While many of the columns Abramoff paid for were related to Indian gambling, they also celebrated the free-market system, especially as it involved his interests in the Northern Mariana Islands.
Some are calling the Abramoff Affair the biggest political scandal in the nation's history. Democrats, hoping to seize the political moment, are calling Abramoff's cushy relationship with the Bush Administration and example of the "culture of corruption" that they maintain is pervading the White House.
Doing his part to take the focus away from only tainted Republicans, President Bush told the Fox News Channel on December 14, that Abramoff was "an equal money dispenser."
According to numerous press reports, however, Abramoff raised at least 100,000 dollars for the Bush-Cheney '04 re-election campaign, earning the honorary title "pioneer" from the campaign.
And while some in the media have accurately pointed out that politicians on both sides of the aisle were involved with Abramoff and/or his clients, federal records show that between 2001 and 2004 Abramoff gave over 127,000 dollars to Republican candidates and committees and nothing to Democrats.
"At the same time," Bloomberg.com reported, Abramoff's "Indian clients were the only ones among the top 10 tribal donors in the U.S. to donate more money to Republicans than Democrats."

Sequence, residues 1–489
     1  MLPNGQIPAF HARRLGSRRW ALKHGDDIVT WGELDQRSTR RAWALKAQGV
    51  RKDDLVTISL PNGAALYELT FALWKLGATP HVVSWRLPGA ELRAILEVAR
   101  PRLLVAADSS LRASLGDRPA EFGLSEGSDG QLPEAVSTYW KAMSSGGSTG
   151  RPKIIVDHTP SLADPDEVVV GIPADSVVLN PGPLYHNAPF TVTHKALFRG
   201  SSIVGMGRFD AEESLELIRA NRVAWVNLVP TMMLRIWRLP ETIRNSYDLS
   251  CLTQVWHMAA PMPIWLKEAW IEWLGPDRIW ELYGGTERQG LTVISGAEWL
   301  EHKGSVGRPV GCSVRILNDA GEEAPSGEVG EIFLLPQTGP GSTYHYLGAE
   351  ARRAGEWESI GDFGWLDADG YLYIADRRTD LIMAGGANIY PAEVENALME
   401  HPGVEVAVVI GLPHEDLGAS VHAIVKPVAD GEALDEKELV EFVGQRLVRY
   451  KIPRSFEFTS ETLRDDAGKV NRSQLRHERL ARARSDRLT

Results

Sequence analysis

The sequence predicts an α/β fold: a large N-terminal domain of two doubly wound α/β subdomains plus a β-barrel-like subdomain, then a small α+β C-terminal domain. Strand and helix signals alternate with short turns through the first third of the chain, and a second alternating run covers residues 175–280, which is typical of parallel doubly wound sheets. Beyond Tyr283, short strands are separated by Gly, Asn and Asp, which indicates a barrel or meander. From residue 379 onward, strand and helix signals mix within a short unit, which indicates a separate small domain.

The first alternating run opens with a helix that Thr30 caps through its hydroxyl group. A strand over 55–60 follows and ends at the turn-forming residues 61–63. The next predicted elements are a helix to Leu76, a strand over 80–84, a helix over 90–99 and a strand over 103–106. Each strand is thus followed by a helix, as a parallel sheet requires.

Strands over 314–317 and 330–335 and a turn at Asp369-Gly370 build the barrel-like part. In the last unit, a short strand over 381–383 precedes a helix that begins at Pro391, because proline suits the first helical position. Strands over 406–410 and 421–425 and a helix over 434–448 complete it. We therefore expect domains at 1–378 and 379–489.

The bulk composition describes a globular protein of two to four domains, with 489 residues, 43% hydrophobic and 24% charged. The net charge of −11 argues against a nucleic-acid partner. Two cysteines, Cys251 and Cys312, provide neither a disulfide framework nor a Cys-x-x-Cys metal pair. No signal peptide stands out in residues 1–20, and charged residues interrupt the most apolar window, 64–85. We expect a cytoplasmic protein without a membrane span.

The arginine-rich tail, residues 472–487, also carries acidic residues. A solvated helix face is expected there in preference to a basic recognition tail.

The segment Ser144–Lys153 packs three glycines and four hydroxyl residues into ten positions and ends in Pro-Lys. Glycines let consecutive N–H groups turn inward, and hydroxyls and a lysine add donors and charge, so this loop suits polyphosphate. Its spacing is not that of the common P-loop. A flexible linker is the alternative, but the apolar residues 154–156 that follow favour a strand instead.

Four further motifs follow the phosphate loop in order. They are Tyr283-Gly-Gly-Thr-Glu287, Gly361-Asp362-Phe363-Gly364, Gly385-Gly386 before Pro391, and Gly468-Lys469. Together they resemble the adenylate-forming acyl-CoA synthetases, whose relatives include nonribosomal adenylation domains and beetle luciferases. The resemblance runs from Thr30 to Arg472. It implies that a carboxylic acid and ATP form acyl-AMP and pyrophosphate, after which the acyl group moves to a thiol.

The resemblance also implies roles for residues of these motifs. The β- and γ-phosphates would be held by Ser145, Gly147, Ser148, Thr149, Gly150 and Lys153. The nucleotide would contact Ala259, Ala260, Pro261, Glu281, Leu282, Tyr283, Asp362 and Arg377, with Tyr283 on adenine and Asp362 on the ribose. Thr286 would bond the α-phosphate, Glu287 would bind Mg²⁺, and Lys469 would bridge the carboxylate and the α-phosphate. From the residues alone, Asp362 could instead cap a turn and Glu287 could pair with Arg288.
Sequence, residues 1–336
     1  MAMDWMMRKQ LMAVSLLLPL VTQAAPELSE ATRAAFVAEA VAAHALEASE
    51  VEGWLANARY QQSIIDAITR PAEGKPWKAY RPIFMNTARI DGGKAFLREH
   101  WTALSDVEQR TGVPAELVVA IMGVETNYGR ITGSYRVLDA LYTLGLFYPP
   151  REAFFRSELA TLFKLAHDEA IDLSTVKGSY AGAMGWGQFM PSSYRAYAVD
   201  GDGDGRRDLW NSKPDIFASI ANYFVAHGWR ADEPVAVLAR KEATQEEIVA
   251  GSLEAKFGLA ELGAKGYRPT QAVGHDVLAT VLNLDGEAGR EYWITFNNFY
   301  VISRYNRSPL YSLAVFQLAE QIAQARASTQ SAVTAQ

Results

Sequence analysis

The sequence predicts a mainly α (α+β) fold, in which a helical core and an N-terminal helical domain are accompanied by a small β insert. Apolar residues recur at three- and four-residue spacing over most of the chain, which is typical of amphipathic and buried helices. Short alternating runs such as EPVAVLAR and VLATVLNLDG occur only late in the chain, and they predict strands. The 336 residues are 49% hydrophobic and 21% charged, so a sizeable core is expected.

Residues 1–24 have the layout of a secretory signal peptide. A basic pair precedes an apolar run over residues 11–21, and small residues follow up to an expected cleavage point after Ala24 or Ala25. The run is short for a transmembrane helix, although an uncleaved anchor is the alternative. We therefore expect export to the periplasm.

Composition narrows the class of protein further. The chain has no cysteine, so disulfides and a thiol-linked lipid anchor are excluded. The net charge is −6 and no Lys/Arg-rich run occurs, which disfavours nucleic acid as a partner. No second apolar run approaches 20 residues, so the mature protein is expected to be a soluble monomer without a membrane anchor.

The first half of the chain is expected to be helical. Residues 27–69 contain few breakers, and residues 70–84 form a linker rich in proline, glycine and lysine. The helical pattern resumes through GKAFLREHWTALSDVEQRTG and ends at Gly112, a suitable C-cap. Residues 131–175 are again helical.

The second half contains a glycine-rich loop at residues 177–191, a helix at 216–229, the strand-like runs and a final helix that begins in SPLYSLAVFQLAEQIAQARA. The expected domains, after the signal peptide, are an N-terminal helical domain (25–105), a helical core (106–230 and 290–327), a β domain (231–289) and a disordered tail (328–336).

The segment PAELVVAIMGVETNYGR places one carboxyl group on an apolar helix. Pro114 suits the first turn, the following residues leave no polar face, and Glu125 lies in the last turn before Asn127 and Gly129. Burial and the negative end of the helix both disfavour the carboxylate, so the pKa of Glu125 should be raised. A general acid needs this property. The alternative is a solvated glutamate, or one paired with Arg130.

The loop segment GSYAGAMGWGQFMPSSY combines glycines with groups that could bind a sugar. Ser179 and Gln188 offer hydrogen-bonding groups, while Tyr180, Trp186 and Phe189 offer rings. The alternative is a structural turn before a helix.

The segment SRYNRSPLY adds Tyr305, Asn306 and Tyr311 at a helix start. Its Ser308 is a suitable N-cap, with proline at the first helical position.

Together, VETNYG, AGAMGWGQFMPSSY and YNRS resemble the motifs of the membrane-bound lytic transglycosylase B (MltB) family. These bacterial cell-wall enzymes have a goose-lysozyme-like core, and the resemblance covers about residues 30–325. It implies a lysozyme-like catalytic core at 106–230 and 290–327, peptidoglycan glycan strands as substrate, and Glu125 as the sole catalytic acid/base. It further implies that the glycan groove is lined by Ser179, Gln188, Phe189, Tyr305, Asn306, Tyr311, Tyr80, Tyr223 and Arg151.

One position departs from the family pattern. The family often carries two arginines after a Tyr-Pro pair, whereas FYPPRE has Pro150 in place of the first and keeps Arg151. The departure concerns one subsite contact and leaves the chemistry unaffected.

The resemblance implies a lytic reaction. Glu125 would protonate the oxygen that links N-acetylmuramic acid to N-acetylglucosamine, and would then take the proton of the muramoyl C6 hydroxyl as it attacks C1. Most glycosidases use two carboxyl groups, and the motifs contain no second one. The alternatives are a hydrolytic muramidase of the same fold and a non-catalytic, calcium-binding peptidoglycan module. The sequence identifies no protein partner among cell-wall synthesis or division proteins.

According to Larry Noble, the former top lawyer for the Federal Election Commission, who directs the Washington-based Center for Responsive Politics, there is no doubt that "Abramoff's big connections were with the Republicans."
"It is somewhat unusual in that most lobbyists try to work with both Republicans and Democrats, but we're already seeing that Jack Abramoff doesn't seem to be a usual lobbyist," Noble said.
In the pre- and now the post-plea period, some politicians who had received money from Abramoff and his clients seem to have settled on two tacks: They have denied any wrongdoing; and they have rushed to either return the tainted money, or pawn it off on some charitable group. On January 4, President Bush, former House Majority Leader DeLay and his potential successor Rep. Roy Blunt joined the latter group. The Bush campaign, however, did not give back any of the "pioneer" money Abramoff was responsible for raising.)
Given, as longtime Republican political consultant Rich Galen has acknowledged, that there is "the smell of blood in the water," what's next?
It will likely take a fair amount of time to ferret out all of the seamy details that encompass this monumental scandal. Who, if anyone, in the Bush administration might be implicated is anybody's guess.
In a few weeks, despite the buzz from the Abramoff Affair droning on in the background, an already wounded president must stand before Congress and deliver his State of the Union Address.
It is clear that the Bush Administration and its surrogates will continue to try and spin the Abramoff Affair as a scandal that has touched both political parties. In addition, Bush officials will likely refuse to comment on any of the details while the matter is still "under investigation," as it did with the scandal surrounding the "outing" of covert CIA agent Valerie Plame.
And, wouldn't this be the perfect time (think the Enron Scandal and its aftermath) for the Bush Administration to offer to work with Congress to craft some type of lobbying "reform" legislation.
If this sounds like business as usual, that's because it is.
Bill Berkowitz is a longtime observer of the conservative movement. His WorkingForChange.com column Conservative Watch documents the strategies, players, institutions, victories and defeats of the American Right. Thanks to Laura Ross for her research assistance.